When Angela Merkel talks about budget cuts these days, she likes to invoke the "Swabian housewife" - Germany's equivalent of the parsimonious Scot - and the German chancellor's embodiments of a good housekeeper.
"You can't keep living beyond your means," said Merkel.
"One should simply ask the Swabian housewife."
By extolling the virtues of old-fashioned thrift, Merkel hoped last week to go some way towards explaining to ordinary Germans why they must suddenly swallow the most painful austerity pill administered by their government in generations.
Even for a country painfully aware, because of its history, of the danger of debt, the extent of corrective action came as a shock.
"Germany has never agreed to an austerity package to this extent, but these cuts have to be made in order for the country to establish a stable economic future," Merkel said.
Soon, in Stuttgart and elsewhere, the inevitable protests began on the streets.
Across Europe, other governments, scared by the Greek debt crisis, the repercussions of which imperil the very existence of the euro, have been doing the same, raising the spectre of mass layoffs in public services in the name of European unity.
On Monday, British premier David Cameron said the state of UK's public finances was far worse than he had expected as he prepared his country for the worst.
"The decisions we make will affect every single person in our country. And the effects of those decisions will stay with us for years, perhaps decades, to come," he said.
Elsewhere, Italy has approved austerity measures that will freeze the salaries of ordinary public sector employees and cut those of the highest earners by 10 per cent.
Spain has ordered massive spending cuts this year and next to reduce its deficit by more than 4 per cent.
Crowds gathered outside Madrid's economics ministry calling for the prime minister's head.
"Zapatero resign!" they shouted.
Spain's biggest unions have threatened a general strike. The axe is falling, too, in Hungary, Portugal, Ireland and in Greece, where the government has been bailed out by Brussels and the IMF.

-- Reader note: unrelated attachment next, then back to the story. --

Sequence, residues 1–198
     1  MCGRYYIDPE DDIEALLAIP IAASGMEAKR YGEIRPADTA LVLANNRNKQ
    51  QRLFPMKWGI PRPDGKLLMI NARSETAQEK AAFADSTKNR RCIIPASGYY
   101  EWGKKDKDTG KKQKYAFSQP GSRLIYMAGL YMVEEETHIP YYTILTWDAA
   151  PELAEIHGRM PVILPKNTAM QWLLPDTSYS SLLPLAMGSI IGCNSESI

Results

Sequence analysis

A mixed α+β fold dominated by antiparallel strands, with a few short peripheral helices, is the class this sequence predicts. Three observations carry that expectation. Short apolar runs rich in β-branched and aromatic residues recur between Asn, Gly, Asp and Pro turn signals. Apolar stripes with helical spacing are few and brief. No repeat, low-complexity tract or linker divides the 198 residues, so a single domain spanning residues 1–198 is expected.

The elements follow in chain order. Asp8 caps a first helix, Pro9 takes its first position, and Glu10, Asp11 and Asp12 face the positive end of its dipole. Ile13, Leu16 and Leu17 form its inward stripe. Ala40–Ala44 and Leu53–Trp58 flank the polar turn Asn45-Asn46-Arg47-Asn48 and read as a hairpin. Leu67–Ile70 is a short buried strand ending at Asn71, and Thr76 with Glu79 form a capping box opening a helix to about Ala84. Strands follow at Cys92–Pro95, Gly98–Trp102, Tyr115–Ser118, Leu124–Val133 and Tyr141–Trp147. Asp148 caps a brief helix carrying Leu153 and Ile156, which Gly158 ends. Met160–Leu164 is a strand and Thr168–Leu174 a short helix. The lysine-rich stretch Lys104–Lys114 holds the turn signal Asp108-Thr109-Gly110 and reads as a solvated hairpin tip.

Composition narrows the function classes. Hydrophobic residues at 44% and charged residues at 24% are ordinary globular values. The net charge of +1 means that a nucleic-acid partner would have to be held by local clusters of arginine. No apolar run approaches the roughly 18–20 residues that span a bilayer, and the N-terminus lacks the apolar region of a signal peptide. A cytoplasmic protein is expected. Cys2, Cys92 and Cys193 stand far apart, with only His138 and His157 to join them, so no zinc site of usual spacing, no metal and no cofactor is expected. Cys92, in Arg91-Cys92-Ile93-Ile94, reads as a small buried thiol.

In total, EU governments have announced public spending cuts of around Euro 200 billion (Rs 11.4 lakh crore), as well as patching together a mammoth Euro 500-billion (Rs 28.5 lakh crore) safety blanket for the euro.
"We're entering a long period of economic stagnation," said Guy Verhofstadt, the former Belgian prime minister who leads the Liberal caucus in the European parliament.
"That will be the main problem for years. Europe is the new Japan."
But there is a very real fear that too much austerity, too fast, could damage the world's fragile economic recovery.
And across the world, there is dismay that EU governments are now taking action in direct contradiction to the approach that the G20 settled upon at the height of the global economic crisis.
US Treasury Secretary Timothy Geithner made it clear at last weekend's G20 meeting that the US did not want to see big European countries, such as Germany, slashing spending too much lest it damage domestic demand.
"The core nations of Europe, the strongest, richest countries in Europe, (should) keep active to help support recovery," Geithner said.
Economists echoed his concerns that Europe's sudden conversion to fiscal austerity would hurt the global recovery and strangle Europe's own faltering steps to better financial health by killing off global demand for products.
"The wrong message on deficits," thundered an editorial in the New York Times.
The piece went on to point out: "The sudden fierce enthusiasm for fiscal austerity, especially among stronger economies, is likely to backfire, condemning Europe to years of stagnation or worse."
Columnist and economics Nobel laureate Paul Krugman took the same line. He has been a trenchant critic of a rush to austerity, believing that only government stimulus to boost consumer demand will pull the American - and global - economies out of the mire.
But Cameron claimed on Monday, that "almost every country in the world" agrees with his view that austerity is the answer to current woes.
But across the world a growing number of experts would beg to differ.